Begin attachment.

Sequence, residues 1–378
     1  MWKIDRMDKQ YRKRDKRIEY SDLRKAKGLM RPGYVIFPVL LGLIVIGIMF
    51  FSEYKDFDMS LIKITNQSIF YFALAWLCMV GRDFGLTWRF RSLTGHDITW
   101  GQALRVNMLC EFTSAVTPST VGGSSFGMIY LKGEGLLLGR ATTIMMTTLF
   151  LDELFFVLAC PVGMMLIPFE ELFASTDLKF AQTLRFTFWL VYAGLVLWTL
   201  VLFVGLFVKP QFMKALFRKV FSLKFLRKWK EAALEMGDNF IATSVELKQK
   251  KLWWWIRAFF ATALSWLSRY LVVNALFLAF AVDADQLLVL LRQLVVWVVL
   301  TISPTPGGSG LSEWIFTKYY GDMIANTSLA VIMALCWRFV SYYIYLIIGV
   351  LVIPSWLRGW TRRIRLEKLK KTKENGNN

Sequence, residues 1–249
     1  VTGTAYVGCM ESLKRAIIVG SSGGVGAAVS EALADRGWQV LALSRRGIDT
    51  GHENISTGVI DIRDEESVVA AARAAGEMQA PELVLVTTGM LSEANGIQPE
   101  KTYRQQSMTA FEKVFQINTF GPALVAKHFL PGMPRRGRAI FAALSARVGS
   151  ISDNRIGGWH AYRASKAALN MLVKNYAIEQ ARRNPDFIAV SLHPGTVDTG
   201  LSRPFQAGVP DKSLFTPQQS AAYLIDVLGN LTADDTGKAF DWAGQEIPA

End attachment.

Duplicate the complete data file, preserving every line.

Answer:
Sequence, residues 1–378
     1  MWKIDRMDKQ YRKRDKRIEY SDLRKAKGLM RPGYVIFPVL LGLIVIGIMF
    51  FSEYKDFDMS LIKITNQSIF YFALAWLCMV GRDFGLTWRF RSLTGHDITW
   101  GQALRVNMLC EFTSAVTPST VGGSSFGMIY LKGEGLLLGR ATTIMMTTLF
   151  LDELFFVLAC PVGMMLIPFE ELFASTDLKF AQTLRFTFWL VYAGLVLWTL
   201  VLFVGLFVKP QFMKALFRKV FSLKFLRKWK EAALEMGDNF IATSVELKQK
   251  KLWWWIRAFF ATALSWLSRY LVVNALFLAF AVDADQLLVL LRQLVVWVVL
   301  TISPTPGGSG LSEWIFTKYY GDMIANTSLA VIMALCWRFV SYYIYLIIGV
   351  LVIPSWLRGW TRRIRLEKLK KTKENGNN

Sequence, residues 1–249
     1  VTGTAYVGCM ESLKRAIIVG SSGGVGAAVS EALADRGWQV LALSRRGIDT
    51  GHENISTGVI DIRDEESVVA AARAAGEMQA PELVLVTTGM LSEANGIQPE
   101  KTYRQQSMTA FEKVFQINTF GPALVAKHFL PGMPRRGRAI FAALSARVGS
   151  ISDNRIGGWH AYRASKAALN MLVKNYAIEQ ARRNPDFIAV SLHPGTVDTG
   201  LSRPFQAGVP DKSLFTPQQS AAYLIDVLGN LTADDTGKAF DWAGQEIPA